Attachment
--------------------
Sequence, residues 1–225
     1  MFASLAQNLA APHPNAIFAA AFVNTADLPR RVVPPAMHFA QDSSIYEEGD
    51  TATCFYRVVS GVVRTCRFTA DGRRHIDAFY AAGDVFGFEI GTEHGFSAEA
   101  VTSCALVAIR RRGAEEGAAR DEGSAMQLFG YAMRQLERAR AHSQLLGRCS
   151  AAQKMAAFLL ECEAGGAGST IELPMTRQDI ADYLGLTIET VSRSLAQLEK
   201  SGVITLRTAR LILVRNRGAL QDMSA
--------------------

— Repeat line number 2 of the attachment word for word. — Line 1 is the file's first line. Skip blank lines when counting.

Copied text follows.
     1  MFASLAQNLA APHPNAIFAA AFVNTADLPR RVVPPAMHFA QDSSIYEEGD